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Speech – The Attentive Relationship of Science and Politics

By on sep 15, 2013 in English, Speeches | 0 comments

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This speech was written to Danish Minister for Climate, Energy and Building, Martin Lidegaard to be delivered at International Symposium on Science and Policy Advice at the Royal Academy of Science and Letters, Copenhagen, Denmark, September 5, 2013.

 

The Attentive Relationship of Science and Politics

Distinguished Ladies and Gentlemen of the Royal Academy. Honoured ambassadors of Science and Letters. Thank you for inviting me to speak to you, today.

For me science and politics belong together. In fact I believe in a marriage between science and politics and I know what I am talking about. I am a politician and my wife is a scientist. My wife has a remarkable ability to explain even the most deep-seated problems over the kitchen sink. I truly admire that. But when I ask what we should do about it, she says: “That is not my department”. It is a very frustrating experience.

From my point of view: Science can focus politics’ attention on challenges we might otherwise have overlooked. Science can point politics’ towards viable options and where they will lead us. Science can educate citizens for an informed public debate to the benefit of politics.

Don’t get me wrong. I acknowledge the need for independence and room for science to explore. Just like in any marriage you need space to develop and thrive. Still. I do not see two different worlds. I see an attentive relationship with two different parts to be played on the same stage. So what kind of role does science play?

Much of scientific discovery seems to be understood through the prism of the American Wild West experience. Scientists are the cowboys and gunslingers. They boldly go where no man has gone before. They explore the unknown frontier. And they move on when established society comes along with railroads, law enforcements and politicians – such as me.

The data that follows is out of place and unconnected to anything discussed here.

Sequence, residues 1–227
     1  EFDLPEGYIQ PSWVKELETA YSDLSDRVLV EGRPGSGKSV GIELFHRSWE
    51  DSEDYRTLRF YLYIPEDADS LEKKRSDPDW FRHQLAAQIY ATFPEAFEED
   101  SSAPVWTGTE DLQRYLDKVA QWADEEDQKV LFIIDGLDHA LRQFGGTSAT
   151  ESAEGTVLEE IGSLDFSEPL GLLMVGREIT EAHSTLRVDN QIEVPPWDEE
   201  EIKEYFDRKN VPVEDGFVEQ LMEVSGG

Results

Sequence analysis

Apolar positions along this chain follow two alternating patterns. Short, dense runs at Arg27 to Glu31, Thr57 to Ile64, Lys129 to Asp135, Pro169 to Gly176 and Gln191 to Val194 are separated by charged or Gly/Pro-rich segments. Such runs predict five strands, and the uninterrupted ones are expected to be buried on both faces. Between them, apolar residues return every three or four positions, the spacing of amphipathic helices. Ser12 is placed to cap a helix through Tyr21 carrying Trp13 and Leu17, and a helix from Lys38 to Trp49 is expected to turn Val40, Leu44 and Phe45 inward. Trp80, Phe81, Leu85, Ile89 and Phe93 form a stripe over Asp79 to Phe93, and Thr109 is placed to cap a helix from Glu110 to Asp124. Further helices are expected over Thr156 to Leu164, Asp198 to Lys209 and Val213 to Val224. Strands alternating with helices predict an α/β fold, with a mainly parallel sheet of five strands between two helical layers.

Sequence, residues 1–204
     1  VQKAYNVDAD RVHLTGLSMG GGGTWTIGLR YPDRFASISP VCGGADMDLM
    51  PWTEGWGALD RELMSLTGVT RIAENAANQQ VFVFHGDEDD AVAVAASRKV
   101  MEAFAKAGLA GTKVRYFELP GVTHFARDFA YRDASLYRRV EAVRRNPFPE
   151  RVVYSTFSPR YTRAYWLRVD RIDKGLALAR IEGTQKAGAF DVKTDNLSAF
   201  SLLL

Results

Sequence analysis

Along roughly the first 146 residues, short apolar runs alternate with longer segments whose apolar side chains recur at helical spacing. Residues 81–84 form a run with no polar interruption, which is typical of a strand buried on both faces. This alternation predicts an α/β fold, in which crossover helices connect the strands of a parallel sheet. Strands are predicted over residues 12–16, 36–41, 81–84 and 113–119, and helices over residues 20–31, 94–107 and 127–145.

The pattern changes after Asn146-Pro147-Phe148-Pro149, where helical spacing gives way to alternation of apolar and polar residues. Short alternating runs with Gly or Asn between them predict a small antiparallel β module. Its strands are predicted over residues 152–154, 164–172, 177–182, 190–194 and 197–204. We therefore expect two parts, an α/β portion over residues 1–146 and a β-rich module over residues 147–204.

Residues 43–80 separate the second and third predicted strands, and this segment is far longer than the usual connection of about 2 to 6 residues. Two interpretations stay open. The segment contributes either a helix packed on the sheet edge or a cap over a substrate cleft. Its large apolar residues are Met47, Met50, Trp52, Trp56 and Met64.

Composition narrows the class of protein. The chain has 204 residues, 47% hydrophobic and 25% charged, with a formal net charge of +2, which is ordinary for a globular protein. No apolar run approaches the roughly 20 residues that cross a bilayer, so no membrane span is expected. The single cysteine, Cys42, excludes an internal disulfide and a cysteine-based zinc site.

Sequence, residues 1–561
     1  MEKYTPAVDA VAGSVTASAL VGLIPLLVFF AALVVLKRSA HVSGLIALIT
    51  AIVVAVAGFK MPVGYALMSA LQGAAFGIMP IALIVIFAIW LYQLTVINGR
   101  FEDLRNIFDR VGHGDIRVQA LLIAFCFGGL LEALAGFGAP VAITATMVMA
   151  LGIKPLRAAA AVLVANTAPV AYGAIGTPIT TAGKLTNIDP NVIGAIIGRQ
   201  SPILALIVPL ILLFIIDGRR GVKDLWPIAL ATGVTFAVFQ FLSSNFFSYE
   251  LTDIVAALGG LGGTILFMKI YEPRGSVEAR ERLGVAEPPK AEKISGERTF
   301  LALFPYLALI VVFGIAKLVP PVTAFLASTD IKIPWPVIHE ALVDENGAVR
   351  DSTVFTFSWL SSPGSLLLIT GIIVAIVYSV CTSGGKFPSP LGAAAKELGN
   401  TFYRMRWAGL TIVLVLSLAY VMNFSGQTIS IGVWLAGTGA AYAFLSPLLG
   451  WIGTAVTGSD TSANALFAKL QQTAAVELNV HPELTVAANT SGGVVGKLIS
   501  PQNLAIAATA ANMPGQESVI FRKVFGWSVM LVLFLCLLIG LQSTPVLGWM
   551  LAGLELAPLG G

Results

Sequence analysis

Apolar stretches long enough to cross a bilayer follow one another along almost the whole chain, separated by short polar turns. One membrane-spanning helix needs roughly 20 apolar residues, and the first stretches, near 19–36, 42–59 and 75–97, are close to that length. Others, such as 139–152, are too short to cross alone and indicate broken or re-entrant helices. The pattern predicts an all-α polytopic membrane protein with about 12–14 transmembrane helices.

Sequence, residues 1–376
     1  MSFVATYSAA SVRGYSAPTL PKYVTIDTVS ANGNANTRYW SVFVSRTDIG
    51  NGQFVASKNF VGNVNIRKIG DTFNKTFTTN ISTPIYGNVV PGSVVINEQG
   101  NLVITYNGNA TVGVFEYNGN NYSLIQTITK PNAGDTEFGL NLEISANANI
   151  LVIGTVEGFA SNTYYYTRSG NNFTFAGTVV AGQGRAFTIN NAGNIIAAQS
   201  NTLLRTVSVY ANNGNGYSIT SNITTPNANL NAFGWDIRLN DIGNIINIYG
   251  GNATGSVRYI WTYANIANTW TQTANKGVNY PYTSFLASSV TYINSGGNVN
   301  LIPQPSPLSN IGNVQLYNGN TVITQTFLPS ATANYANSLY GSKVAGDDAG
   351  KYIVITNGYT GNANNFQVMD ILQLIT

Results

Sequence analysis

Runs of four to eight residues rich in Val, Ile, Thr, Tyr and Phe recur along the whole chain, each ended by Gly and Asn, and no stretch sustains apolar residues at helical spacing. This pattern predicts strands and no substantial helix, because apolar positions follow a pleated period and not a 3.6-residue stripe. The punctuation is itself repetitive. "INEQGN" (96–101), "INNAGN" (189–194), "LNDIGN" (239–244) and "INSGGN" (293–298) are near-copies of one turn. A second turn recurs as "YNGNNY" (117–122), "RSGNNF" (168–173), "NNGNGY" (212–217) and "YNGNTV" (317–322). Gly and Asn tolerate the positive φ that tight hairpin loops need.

I like the metaphor. It rings true to me. We DO need you to be out there, on the borders of the known world. We need you to expand our horizons for what can be done. And we need to increase our common understanding of our world. When it comes to climate change, we ABSOLUTELY need that.

But there is one thing missing from this picture of Science and the Wild West. We forget that Science and Politics have an attentive relationship. And we forget that the cowboys came back for their families when the frontier was discovered and secured. They used the telegraph to say: “I cleared the land. I built a house. Now come along – let us built a family”. And the families came on coaches and settled one by one. Establishing communities – villages – towns. In time, a society formed on the ground they cleared. We forget that.

The science of climate change might still expand and be elaborated, but the facts are clear: Climate change is no longer on the edges of the known world. It is already felt and its effects are experienced. It is now safe within the borders of common sense. In fact, 97 % of all scientists say that climate change is happening, that climate change is man-made and that we can do something about it. Yet in Denmark only 2 out of 3 people believe the Earth is warming. One in four still have doubts. The numbers might be even higher for other countries.

Yes, we need you to seek out new land. But we also need you to bring us along when the land has been cleared. That too is the role of science. As politicians we have to know what challenges lie ahead and what their nature is. We have to know what roads we have available, where they will lead and what they will take. And we have to make political choices in an informed public debate with an acute understanding of the challenges and their consequences